46 Years of Roe v. Wade: The Struggle Continues

46 Years of Roe v. Wade: The Struggle Continues

Merle Hoffman raises her trademark hanger outside St. Patricks Cathedral in New York in 1989. This was the first pro-choice civil disobedience action in history.

This historic action was defined by the Philadelphia Inquirer as “an important strategic change in the movement,” and I was also quoted on the cover of the New York Times Metro Section saying, “Women’s rights are in a state of emergency.”

Ten years later in 1998, I wrote the following list of action items to guide the pro-choice movement into the future.

1. We must reclaim and honor our history. We must remember the women who alone and in pain lost their lives for their right to choose.

2. We must throw off our personal shrouds of shame and tell the stories of our mothers and grandmothers, and ourselves.

3. We must close the split between the strategists and national leaders of the pro-choice movement and its foot soldiers, the women who have actually had abortions and the providers who make them possible. Together, we must reposition and redefine legal abortion as an integral core of women’s health and as the necessary condition for women’s freedom. Nothing stops abortion — no law, no government, no religious authority. Making abortion illegal only makes it dangerous and deadly.

4. The movement must speak with a unified voice that articulates a shared vision. Abortion and reproductive freedom are fundamental human rights, not to be abridged by any entity. We must actively strategize, not only for the next skirmish or the next battle, but for the coming 25 years — to ensure that our daughters and granddaughters do not have to fight the same war.

5. We must move in powerful coalition with other progressive movements — gays and lesbians, civil rights organizations, environmental activists, labor — and demand that the leadership of these movements actively support reproductive freedom.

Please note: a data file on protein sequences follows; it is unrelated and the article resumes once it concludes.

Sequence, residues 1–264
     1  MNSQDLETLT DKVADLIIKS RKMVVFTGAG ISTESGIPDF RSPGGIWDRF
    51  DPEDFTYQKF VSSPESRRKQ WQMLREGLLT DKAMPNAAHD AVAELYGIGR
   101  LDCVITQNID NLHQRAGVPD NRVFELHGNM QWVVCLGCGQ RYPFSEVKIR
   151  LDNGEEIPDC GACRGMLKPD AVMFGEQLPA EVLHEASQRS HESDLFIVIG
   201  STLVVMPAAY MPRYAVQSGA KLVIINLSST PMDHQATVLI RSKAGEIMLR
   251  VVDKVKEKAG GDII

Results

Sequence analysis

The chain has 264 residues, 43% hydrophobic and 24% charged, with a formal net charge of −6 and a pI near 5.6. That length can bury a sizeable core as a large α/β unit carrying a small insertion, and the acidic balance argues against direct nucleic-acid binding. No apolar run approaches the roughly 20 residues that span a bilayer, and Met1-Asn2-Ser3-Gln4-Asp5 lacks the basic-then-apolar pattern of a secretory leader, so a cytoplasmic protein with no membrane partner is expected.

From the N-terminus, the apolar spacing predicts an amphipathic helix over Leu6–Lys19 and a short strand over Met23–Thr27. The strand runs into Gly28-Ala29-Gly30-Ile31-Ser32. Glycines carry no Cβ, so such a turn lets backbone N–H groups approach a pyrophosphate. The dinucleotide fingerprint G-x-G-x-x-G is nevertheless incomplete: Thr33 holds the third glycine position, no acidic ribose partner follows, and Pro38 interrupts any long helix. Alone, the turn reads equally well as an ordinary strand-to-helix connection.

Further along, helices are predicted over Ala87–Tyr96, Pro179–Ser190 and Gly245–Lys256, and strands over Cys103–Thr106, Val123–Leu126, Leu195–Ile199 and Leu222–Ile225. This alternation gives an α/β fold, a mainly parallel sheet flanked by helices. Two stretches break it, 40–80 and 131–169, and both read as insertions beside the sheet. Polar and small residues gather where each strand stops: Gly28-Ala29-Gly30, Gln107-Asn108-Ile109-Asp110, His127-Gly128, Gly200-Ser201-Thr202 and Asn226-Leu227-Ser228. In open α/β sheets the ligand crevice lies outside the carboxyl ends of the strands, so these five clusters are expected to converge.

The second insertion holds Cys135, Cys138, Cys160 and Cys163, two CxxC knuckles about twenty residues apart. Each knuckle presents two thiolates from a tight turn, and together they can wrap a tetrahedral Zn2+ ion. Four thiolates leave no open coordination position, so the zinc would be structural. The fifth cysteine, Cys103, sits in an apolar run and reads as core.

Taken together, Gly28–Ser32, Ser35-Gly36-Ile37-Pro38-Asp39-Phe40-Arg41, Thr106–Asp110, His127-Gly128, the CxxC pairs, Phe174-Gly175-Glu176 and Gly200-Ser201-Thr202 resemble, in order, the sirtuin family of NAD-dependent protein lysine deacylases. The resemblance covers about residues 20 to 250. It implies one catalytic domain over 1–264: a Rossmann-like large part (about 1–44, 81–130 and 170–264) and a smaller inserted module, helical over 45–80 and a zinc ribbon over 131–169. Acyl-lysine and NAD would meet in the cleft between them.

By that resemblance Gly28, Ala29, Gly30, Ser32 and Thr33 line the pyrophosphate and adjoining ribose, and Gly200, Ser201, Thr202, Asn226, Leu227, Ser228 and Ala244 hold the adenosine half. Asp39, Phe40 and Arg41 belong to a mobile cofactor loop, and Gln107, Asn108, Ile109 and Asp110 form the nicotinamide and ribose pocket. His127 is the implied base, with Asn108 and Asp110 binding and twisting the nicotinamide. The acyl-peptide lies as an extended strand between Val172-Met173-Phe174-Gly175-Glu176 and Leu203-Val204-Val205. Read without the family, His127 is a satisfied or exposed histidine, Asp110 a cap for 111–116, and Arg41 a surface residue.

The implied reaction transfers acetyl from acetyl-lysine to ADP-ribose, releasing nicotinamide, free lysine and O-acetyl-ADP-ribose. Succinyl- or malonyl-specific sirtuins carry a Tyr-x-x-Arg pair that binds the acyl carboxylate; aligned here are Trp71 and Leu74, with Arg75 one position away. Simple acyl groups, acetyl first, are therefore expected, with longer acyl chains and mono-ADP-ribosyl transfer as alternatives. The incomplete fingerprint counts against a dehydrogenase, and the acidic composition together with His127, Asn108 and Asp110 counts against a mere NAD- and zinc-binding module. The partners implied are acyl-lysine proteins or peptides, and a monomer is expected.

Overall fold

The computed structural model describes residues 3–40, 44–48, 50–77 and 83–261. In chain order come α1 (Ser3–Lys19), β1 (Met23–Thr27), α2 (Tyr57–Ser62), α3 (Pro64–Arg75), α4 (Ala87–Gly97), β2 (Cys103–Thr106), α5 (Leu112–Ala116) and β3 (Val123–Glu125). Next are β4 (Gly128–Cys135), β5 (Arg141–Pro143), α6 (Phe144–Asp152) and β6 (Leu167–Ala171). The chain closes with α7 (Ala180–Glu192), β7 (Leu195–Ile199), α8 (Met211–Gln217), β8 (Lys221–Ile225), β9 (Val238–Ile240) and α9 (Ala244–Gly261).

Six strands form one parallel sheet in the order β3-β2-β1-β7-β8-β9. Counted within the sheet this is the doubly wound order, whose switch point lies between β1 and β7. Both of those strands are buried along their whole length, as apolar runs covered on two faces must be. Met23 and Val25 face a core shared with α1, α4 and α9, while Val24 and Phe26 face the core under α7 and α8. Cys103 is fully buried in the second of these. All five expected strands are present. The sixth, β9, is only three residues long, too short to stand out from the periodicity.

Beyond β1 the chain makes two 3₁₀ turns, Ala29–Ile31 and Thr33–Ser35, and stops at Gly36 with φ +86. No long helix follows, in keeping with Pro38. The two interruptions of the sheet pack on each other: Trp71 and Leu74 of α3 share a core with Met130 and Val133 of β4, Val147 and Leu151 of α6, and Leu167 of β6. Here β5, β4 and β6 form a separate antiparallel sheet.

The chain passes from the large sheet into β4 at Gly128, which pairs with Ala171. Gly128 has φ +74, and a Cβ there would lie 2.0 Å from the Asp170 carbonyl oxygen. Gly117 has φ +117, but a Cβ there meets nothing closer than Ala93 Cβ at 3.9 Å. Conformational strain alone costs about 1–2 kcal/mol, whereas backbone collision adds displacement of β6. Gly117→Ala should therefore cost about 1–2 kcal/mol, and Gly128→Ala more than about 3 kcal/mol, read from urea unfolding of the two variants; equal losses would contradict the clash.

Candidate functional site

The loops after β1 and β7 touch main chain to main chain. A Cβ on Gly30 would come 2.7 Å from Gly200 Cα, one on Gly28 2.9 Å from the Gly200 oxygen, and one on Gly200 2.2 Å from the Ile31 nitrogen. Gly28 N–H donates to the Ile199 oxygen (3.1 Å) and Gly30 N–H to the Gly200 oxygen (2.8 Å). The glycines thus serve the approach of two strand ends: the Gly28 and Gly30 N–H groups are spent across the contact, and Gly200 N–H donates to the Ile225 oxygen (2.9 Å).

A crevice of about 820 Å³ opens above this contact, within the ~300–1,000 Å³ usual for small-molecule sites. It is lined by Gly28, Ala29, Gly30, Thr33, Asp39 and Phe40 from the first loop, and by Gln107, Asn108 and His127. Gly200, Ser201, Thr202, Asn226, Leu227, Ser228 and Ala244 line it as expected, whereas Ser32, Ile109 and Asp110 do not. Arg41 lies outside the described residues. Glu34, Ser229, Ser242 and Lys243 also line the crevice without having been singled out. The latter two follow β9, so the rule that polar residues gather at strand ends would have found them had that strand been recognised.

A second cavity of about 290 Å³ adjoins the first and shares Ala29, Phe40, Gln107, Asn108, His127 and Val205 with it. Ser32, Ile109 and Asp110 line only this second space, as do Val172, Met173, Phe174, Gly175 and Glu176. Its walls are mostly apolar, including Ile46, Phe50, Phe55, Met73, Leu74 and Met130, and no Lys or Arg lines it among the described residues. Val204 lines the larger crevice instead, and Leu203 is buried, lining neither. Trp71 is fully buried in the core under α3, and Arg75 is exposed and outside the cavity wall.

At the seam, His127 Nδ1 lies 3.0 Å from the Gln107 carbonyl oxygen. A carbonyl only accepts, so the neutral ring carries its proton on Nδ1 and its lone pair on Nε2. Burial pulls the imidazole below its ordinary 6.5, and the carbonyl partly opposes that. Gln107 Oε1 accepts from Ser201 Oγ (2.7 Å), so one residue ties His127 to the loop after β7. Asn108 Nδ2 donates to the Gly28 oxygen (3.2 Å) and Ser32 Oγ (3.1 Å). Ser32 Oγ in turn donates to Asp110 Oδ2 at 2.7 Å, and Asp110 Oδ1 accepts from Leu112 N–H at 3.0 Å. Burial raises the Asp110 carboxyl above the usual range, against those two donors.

6. We must expose the fifth column within our own ranks, feminists who are “pro-choice” but handle their personal discomfort with abortion by naming it a “tragedy” and thus making it more difficult for others to choose freely.

7. We must expand the definition of pro-choice to include those women living with racism and poverty for whom the right to reproductive freedom means the right to bear children with adequate financial and medical support.

8. We must reach out to the young women who live a feminism of entitlement rather than struggle, and do not understand that freedom requires constant vigilance.

9. We must be militant when necessary and be ready to sacrifice more then freedom for the cause.

10. We must creatively develop new legal theories that further secure the constitutional basis of reproductive freedom.

11. Finally, we must be able to speak the truth to ourselves by answering the question, “Is it a woman’s right to choose or is it killing?” by saying yes — to both — and taking full responsibility for that profound and powerful truth.

Women’s rights remain in a state of emergency.

If not now, when? If not you–then who?

Mary Lou Greenberg and Maria Lyons unfurling the Proclamation at St. Patrick’s Cathedral in 1989.

On the day of the demonstration in 1989 Mary Lou Greenberg and Maria Lyons stood in front of the massive bronze doors and unfurled a proclamation that included the following five points:

1. Women are full moral agents with the right and ability to choose when and whether or not they will be mothers.
2. Abortion is a choices made by each individual for profound personal reasons that no man nor state should judge.
3. The right to make reproductive choices is women’s legacy throughout history and belongs to every woman regardless of age, class, race, religioin, or sexual preference.
4. Abortion is a life-affirming act chosen within the context of women’s realities, women’s lives, and women’s sexuality.
5. Abortion is often the most moral choice in a world that frequently denies healthcare, housing, education, and economic survival.

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